Some of us are wired similarly. We hear aspersions being cast on our ability or character and we respond with a defiant, “I’ll show YOU!” surging on to greatness. Others among us might hear those attacks and cave in, whimpering, “You know, they’re right. I really am a schmuck.”

But Marshall had something else going for him. Although his father was disappointed and embarrassed by George, his mother, “… rejoiced in him, offering unconditional love and support.”[3] She even sold the last of her family’s property – including a lot she had hoped to eventually build a house on – to raise the necessary money for Marshall to attend college.

How about you? Do you have someone like that in your corner? Someone willing to tell you how much they love and believe in you? Someone who will go to extreme lengths to show you just how much you mean to them, even when you continue to fall short and miss the mark?

Before you hasten to say “NO,” go back and re-read the Bible verse at the top of the page. These words were originally spoken by the prophet Isaiah and were intended to convey the heart of God. They were addressed to the Israelites living in Babylonian exile to help them understand – even though their future appeared bleak and hopeless – that their Creator considered them precious and valuable.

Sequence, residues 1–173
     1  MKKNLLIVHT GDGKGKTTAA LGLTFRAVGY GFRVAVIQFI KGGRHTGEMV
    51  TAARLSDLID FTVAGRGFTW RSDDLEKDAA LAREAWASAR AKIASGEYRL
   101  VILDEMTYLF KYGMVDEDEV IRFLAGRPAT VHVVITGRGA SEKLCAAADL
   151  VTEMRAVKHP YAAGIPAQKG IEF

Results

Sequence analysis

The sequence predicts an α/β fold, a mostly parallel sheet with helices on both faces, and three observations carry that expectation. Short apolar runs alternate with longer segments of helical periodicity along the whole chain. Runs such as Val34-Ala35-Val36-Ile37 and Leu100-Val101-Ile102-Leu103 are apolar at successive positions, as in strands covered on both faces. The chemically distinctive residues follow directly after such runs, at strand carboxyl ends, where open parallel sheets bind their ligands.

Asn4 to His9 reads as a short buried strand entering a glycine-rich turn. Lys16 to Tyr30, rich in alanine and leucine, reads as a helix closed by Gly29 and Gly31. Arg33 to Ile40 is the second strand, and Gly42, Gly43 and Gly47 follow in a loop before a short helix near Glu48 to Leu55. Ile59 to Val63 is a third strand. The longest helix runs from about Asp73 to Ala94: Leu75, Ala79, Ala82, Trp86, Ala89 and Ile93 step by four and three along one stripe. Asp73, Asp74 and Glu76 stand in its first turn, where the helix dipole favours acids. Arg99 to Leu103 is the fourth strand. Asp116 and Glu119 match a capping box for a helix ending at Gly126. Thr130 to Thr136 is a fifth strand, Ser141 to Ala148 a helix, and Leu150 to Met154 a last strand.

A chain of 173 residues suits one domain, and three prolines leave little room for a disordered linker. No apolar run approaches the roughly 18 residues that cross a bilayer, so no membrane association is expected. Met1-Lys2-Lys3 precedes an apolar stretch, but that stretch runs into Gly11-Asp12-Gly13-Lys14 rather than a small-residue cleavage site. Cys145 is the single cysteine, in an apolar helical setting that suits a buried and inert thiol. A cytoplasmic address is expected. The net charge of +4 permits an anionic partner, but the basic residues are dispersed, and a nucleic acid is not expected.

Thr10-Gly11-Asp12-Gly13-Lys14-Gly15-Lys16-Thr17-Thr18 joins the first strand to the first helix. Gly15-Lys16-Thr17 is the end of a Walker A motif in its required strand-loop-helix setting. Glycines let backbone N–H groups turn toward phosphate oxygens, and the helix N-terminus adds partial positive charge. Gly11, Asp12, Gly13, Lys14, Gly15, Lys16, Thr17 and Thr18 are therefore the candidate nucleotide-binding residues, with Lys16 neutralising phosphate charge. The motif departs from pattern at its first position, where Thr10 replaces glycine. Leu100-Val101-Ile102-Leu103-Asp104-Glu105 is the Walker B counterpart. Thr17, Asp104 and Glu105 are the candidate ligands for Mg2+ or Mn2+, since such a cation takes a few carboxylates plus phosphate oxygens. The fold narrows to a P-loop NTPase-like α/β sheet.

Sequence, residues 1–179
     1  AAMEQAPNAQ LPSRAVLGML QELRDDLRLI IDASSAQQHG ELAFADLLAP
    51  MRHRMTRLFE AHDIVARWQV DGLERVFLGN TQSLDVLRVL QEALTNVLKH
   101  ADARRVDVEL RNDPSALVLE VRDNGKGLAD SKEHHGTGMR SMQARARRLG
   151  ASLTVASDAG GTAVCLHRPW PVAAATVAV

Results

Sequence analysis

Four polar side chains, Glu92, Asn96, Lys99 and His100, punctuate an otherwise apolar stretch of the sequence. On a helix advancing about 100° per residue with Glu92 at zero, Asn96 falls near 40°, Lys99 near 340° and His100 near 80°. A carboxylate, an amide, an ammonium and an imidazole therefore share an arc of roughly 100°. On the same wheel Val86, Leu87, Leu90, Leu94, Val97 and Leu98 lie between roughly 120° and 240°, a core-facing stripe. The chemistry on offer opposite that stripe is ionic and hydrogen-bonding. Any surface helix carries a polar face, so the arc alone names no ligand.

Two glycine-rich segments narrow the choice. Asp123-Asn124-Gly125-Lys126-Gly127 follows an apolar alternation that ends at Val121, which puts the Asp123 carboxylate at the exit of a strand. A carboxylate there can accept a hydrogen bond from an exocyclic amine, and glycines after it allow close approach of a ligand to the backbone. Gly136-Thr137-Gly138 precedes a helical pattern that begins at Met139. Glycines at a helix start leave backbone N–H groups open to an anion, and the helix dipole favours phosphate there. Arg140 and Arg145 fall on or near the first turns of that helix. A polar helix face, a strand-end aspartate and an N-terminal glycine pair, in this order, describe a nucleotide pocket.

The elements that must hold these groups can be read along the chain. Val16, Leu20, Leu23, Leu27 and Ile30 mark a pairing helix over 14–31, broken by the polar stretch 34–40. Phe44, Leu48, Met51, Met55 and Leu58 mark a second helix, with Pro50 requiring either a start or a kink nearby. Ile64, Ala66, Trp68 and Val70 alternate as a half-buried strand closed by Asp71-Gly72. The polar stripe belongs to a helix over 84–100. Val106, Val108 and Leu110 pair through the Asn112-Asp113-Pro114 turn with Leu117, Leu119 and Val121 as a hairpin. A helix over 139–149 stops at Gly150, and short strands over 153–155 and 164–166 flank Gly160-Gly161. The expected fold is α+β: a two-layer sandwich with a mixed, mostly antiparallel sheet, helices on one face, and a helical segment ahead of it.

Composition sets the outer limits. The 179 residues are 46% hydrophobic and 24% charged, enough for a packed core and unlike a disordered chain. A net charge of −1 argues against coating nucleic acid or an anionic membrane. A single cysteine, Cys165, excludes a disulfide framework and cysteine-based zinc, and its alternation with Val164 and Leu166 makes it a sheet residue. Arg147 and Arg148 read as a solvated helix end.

George Marshall’s mother gave up a valuable piece of real estate to ensure her son’s future. In this passage, God says he will give up NATIONS for you.

We are in the middle of a time that has become incredibly difficult for many people. You may know people who have lost jobs because of this virus. You may know people who have become sick or even some who have died. As the days of isolation stretch into weeks and months, it is hard to see any light on the horizon.

Even on the bright days a cloud seems to have parked itself permanently overhead.

Today, however, we should all stop and take a moment to remember this unchangeable fact; we each have a very powerful SOMEONE in our corner who believes in us. We have someone who will go to outrageous lengths to give us a future with hope.

That SOMEONE loves you more than you will ever know.

 

Abundant blessings;

[1] The Road to Character, by David Brooks. Random House, New York. 2015. Page 106

2 Ibid, p. 107